Woman Wins Lottery 4 Times; Are Lottery AND Market Rigged?
Some days you just feel like luck is on your side, right?
The market is up!
You've green lights all the way to work!
Your favorite song is on the radio!
The weather is beautiful!
Today is great!
It may sound all great, but to Joan Ginther, that's just everyday for her, or at least that's we are to believe...
Ginther, a 63 year-old from Texas is called the luckiest woman in the world. And for good reason...
She has won multi-million dollar lottery payouts FOUR times!
From the Daily Mail,
First, she won $5.4 million, then a decade later, she won $2 million, then two years later $3 million and finally, in the spring of 2008, she hit a $10 million jackpot.
The odds of this has been calculated at one in eighteen septillion and luck like this could only come once every quadrillion years.
Just the news you need to hear when the markets over the past two weeks have been dismal, with billions of dollars lost, right?
But like anything this good, people are skeptical and rightfully so. Everyone wants luck on their side, especially four times over. And when you aren't the one gwtting lucky, you're going to be dubious...
There are claims that this former math professor with a PhD from Standford University specializing in statistics has been using her knowledge of numbers to beat the system.
Several experts have been asked about this so-called phenomenon and one professor at the University of Nevada, Reno in the Institute for the Study of Gambling & Commercial Gaming was quoted saying, “When something this unlikely happens in a casino, you arrest 'em first and ask questions later.”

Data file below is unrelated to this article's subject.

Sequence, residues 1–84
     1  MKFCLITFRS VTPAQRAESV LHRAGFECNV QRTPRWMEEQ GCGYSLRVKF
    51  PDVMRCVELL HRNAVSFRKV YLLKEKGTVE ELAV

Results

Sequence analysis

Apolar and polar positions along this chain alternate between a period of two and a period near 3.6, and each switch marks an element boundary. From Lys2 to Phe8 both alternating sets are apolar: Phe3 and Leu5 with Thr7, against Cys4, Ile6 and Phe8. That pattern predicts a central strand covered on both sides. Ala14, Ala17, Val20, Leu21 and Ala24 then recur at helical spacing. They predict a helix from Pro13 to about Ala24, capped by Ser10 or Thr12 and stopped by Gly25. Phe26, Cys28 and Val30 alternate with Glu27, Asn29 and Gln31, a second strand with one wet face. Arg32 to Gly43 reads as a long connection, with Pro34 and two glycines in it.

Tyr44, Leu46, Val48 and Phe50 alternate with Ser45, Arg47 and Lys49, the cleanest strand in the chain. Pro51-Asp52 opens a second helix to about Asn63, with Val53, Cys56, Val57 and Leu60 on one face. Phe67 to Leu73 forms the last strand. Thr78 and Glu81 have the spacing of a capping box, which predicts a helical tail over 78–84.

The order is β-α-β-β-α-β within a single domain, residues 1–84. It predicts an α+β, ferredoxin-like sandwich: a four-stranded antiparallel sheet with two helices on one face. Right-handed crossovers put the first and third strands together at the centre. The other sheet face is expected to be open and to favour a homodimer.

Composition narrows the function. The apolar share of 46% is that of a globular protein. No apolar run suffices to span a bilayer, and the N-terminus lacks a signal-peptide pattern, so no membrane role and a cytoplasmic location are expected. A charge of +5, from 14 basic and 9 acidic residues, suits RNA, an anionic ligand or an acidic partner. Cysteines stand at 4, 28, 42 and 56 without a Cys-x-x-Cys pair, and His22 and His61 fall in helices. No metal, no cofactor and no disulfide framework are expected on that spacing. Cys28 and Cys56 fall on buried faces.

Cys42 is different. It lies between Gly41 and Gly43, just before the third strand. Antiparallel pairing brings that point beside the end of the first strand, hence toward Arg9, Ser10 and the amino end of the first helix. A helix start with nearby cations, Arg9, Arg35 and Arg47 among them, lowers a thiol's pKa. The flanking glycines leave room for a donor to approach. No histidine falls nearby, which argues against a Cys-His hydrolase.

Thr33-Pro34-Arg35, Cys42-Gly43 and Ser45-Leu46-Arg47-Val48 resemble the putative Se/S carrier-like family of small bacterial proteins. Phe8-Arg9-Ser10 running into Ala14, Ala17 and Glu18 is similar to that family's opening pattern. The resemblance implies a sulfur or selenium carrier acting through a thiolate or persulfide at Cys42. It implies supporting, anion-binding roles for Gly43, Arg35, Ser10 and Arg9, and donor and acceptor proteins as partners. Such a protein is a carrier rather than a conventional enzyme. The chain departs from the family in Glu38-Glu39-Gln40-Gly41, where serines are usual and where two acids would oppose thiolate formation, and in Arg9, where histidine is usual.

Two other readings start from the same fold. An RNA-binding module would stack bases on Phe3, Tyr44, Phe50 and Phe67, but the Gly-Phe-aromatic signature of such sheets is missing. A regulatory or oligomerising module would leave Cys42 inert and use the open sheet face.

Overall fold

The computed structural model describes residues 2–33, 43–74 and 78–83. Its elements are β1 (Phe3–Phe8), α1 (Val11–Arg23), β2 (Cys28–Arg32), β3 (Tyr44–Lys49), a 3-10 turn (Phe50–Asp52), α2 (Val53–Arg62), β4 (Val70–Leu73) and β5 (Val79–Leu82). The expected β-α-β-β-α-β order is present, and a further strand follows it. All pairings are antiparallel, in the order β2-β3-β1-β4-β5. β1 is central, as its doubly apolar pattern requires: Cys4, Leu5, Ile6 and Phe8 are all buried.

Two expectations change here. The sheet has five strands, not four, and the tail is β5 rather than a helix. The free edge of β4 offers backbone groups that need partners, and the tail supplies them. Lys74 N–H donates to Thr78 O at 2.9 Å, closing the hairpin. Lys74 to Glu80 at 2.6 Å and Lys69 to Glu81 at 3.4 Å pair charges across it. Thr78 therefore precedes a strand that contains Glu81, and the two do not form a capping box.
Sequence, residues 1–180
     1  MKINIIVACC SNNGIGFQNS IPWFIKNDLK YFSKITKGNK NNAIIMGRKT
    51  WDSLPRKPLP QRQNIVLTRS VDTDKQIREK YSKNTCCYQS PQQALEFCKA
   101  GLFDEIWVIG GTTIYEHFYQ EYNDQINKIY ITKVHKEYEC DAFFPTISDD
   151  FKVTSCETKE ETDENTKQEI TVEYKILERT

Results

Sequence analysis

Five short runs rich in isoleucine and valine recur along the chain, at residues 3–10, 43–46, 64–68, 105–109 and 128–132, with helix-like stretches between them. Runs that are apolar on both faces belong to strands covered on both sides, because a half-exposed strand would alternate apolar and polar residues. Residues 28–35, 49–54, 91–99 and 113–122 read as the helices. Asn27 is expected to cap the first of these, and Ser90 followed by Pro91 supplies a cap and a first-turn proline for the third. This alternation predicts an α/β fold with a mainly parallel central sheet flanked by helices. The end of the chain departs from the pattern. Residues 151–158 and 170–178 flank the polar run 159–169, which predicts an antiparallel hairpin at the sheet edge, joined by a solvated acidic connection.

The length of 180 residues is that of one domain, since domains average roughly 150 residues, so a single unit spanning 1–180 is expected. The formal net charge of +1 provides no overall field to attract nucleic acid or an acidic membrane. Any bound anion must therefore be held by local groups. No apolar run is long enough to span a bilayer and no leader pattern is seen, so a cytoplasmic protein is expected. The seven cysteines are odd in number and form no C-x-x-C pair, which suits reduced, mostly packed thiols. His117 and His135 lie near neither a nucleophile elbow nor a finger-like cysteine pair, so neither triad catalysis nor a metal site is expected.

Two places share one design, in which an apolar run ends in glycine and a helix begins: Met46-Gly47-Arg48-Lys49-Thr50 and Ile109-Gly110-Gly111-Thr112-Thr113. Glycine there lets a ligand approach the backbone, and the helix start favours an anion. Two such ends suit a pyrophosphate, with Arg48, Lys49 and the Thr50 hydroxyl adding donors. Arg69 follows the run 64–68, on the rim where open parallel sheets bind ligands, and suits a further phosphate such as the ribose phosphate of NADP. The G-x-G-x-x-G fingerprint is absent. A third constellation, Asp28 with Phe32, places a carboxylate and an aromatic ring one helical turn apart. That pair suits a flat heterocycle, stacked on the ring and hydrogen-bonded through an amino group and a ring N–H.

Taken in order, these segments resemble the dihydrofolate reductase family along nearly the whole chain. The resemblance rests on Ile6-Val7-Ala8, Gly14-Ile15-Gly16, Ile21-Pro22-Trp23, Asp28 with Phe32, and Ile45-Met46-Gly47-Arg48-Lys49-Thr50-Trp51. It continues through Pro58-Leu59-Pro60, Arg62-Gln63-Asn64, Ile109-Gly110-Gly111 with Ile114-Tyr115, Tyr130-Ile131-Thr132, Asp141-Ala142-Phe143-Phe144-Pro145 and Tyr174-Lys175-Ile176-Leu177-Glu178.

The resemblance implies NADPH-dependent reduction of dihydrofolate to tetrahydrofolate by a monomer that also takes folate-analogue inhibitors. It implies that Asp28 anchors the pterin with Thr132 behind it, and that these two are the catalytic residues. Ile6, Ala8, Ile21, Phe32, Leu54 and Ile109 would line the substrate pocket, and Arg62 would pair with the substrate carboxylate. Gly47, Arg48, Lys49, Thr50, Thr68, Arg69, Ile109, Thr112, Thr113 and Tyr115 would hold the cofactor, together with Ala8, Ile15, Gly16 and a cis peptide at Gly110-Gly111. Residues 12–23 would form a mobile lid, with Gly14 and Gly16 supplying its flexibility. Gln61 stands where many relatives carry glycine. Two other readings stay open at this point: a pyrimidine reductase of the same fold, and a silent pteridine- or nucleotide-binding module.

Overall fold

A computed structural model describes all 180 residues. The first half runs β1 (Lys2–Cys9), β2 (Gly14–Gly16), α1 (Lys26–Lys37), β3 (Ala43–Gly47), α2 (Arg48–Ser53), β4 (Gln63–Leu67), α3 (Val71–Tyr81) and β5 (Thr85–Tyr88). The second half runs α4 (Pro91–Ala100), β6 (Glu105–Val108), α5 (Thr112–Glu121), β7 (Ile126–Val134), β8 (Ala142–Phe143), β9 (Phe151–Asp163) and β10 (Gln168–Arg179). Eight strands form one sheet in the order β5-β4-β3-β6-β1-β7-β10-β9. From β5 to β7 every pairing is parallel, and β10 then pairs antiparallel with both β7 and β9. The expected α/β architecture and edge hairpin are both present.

So is the lottery system rigged? Where else have we asked this question before? Oh yes, the stock market. The comparison is not new: that investing in the market is just like playing the lottery.
It's actually quite scary how similar this sounds to all of the issues about the Wall Street insider trading investigation and the Madoff scandal last year.
From the AP,
"A large part of trading has to do with trust, and I don't have it," says Mark Swenson, a 43-year-old plumber from New Hampshire who refuses to buy individual stocks. "When a stock moves up 10 percent, you don't know why," he added. "We can pretend that everyone has access to the same information, but they don't."
Even before news broke that federal investigators were looking into whether hedge funds traded on inside information, small-time investors were pulling their money out of stocks — despite a remarkable run for the market since the spring of 2009.
"If the stock markets had any reputation for integrity, they lost it in the past year," says finance professor at Manhattan College Charles Geisst. Even though the Securities and Exchange Commission was established in 1934 and several other safeguards were implied to protect the little guy from being overrun by the large corporations, it still seems that we have every right to question the legitimacy of the market.
Ginther's strong knowledge of numbers, buying the scratch-offs from the same shop every time, and having an understanding of the algorithm of that determines where a winner is placed in each run of tickets are said to be how she won the lottery four times.
So what makes us believe that insiders in the market don't have those same kinds of advantages that the everyday investor does not?
I'm not saying stop investing and start buying more lottery tickets, but I'm sure multi-millionaire Joan Ginther is one of the few people laughing all the way to bank this week.+1
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